What is the second element that describes the first Sabbath? Gen. 2:2 (second part).
The first two elements noted in Genesis 2 should be two sides of one coin. But that is not necessarily the way we experience it. You can go home from work but take the workplace with you and fail to enter into rest. The Sabbath is God's invitation both to quit work and to enter into rest.
Note how Hebrews 4:1-9 details the tragedy of Old Testament people who knew the gift of the Sabbath and the God of the Sabbath, but missed the goal of the Sabbath by failing to enter into His rest.
Without rest there can be fear. The first result of sin in the hearts of Adam and Eve was fear. They hid from God. And fear continues to affect health negatively.
Stress is another recognized factor associated with physical and mental disorders. In 1993, in a symposium of health futurists from around the world, participants predicted the diseases of the next decade. They asserted that there would be a great increase in diseases of the immune system and behavioral-related diseases because of increased fear and the fracturing of families. How reminiscent of the Bible's description of the end times!
Describe the effect on health of living in a fear-filled world. What was Jesus' counsel to believers? Luke 21:25, 26, 34.
Read Matthew 11:28, 29, and describe the ways in which your Sabbath keeping has involved Jesus' gift of rest.
How can we use the gift of the Sabbath to resolve the three major fears of life?
How may the Sabbath bring relief from stress problems?
The Sabbath, Marriage, and Personal Health (Gen. 2:18-24).
What other institution dates back to Creation week? Gen. 2:18-24.
The creation of the Sabbath and the creation of the institution of marriage were events closely linked in time. On Friday of Creation Week, God formed Adam from clay and later Eve from Adam's side. After a few fleeting hours filled with an escorted tour by Jesus of the garden home He had made for them, the sun set. Thus, their first full day together was a Sabbath of rest, fellowship, and worship.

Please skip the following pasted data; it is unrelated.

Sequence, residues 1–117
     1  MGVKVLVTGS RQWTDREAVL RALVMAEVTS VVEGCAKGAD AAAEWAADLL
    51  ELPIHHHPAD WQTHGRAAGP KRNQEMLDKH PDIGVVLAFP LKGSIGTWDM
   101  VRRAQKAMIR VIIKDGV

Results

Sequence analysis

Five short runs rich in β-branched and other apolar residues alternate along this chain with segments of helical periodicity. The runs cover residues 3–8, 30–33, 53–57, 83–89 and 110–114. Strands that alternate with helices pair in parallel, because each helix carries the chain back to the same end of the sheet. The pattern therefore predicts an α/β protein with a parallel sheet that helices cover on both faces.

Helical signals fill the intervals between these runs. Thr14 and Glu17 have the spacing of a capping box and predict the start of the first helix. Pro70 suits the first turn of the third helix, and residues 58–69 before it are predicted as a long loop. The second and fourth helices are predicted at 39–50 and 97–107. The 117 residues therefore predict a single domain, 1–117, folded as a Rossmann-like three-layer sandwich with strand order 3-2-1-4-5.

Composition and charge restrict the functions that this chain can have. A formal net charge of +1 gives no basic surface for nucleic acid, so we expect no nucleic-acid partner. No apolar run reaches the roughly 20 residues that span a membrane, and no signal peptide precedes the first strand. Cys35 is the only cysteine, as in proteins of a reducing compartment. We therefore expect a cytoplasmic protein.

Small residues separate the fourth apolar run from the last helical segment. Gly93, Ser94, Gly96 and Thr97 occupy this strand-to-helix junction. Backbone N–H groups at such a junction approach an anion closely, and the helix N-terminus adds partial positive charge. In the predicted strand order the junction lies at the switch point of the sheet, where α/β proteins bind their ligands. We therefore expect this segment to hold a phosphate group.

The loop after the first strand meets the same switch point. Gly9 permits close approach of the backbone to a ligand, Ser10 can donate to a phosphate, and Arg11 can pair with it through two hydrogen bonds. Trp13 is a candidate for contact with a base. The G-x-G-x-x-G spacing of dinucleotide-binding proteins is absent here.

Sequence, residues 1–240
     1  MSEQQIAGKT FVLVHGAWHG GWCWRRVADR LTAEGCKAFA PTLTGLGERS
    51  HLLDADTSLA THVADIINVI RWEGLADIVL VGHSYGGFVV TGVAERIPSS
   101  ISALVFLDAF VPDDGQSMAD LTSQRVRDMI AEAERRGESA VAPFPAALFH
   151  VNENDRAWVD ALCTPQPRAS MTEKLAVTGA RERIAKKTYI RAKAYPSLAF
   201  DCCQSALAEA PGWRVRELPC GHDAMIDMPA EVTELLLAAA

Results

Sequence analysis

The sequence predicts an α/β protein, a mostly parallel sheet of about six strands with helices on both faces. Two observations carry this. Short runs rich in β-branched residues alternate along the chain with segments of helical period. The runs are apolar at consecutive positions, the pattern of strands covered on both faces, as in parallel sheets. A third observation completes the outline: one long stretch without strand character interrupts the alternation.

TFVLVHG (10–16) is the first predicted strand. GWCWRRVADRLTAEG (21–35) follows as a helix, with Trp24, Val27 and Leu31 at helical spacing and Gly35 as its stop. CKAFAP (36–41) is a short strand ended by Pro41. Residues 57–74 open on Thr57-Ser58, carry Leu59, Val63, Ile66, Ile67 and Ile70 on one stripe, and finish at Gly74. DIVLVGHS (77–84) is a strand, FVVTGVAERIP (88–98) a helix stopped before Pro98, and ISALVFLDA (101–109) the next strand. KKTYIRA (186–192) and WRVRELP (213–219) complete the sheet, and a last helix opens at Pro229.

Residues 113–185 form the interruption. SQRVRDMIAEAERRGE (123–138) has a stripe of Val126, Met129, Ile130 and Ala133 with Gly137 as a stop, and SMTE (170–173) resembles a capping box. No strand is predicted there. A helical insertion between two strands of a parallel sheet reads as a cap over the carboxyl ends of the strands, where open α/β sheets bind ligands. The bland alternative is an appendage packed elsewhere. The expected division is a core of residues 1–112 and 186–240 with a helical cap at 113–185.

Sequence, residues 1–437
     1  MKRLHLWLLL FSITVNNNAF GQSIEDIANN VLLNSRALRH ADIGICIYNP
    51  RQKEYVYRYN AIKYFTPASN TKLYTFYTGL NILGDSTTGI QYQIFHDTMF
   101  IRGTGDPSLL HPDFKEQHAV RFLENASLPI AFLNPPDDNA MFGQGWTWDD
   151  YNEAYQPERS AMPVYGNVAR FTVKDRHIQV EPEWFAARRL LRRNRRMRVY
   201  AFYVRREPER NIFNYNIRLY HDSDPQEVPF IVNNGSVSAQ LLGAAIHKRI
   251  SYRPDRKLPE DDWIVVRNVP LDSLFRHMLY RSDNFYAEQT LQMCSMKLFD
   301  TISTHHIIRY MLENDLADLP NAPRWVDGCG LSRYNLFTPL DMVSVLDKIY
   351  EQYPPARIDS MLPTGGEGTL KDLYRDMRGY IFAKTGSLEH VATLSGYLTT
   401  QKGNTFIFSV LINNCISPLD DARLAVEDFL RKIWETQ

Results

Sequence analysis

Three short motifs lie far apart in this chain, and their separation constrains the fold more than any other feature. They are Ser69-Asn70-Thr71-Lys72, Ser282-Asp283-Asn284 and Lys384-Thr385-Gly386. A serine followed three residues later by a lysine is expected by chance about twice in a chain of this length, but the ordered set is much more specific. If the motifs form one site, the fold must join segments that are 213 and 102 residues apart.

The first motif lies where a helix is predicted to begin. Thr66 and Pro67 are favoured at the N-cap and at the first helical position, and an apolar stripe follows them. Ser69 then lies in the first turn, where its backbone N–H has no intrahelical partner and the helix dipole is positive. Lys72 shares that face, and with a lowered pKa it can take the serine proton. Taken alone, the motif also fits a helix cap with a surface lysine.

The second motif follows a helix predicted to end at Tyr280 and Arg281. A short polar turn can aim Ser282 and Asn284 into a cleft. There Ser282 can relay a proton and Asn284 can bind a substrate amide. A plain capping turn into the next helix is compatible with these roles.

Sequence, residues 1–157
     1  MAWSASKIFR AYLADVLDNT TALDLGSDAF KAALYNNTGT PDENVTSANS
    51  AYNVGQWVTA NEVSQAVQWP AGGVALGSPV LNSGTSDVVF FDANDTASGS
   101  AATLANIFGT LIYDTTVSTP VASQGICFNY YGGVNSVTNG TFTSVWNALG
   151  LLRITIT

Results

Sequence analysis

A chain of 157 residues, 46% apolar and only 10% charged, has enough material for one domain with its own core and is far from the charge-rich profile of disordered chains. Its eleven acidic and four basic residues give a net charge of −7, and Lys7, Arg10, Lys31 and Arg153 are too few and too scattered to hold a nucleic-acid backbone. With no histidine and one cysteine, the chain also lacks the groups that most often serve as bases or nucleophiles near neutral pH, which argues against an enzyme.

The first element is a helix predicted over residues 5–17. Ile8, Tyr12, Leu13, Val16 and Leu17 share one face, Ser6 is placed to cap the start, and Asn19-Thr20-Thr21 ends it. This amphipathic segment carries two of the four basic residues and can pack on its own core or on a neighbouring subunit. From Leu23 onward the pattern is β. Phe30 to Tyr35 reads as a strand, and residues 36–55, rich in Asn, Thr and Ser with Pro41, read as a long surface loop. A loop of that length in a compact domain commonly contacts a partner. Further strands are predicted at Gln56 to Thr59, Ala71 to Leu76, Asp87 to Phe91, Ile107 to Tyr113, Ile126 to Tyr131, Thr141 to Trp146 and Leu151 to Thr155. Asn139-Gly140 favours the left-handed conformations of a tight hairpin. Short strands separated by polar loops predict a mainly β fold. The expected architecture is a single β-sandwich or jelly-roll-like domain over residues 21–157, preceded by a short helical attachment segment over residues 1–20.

God later reiterated His desire to see the Sabbath and the family closely linked. When it was the right time for Jesus to engrave in granite the great principles of life and righteousness and hand them to Moses at Sinai, our duty in our relationship with God and our duty in our relationship with human beings were placed together as commandments four and five. But what about the health connection?
"Marriage, at least a good one, is good for health. By the same token a troubled marriage or divorce may be physically harmful. Married people live longer on an average than do those who are single.... In a study of more than 7,500 adults, epidemiologists, at Marade Davis ... found that single men between 45 and 54 are twice as likely to die in a period of ten years as were married men of the same age."--David Spiegel, M.D., Mind Body Medicine, p. 334.
How can Sabbath serve to strengthen our marriages and our families? What answer to the question is implied in the Sabbath commandment? Exod. 20:8-11.
One couple has found an interesting way to unite Sabbath and family life for the enrichment of their lives. On Friday evening, they find a promise and commit it to memory as a source of strength for the coming week. They choose the promise based on the challenges they expect to face during the week. Throughout the Sabbath, they draw energy from the promise. Then during the week, they write it each day at the top of their "To Do" lists. Whenever the list is consulted, the verse continues to exert its power on their minds. The most rewarding part of this helpful habit is that they daily discover that God can fulfill for them the promises of His Word.
Sabbath and Sanctification (Exod. 31:13).
What is the relationship between the Sabbath and holiness? Exod. 31:13.
True Sabbath observance fosters personal and communal holiness. The Sabbath is a day for fellowship with God and with other believers. As such, the Sabbath strengthens family life and church life.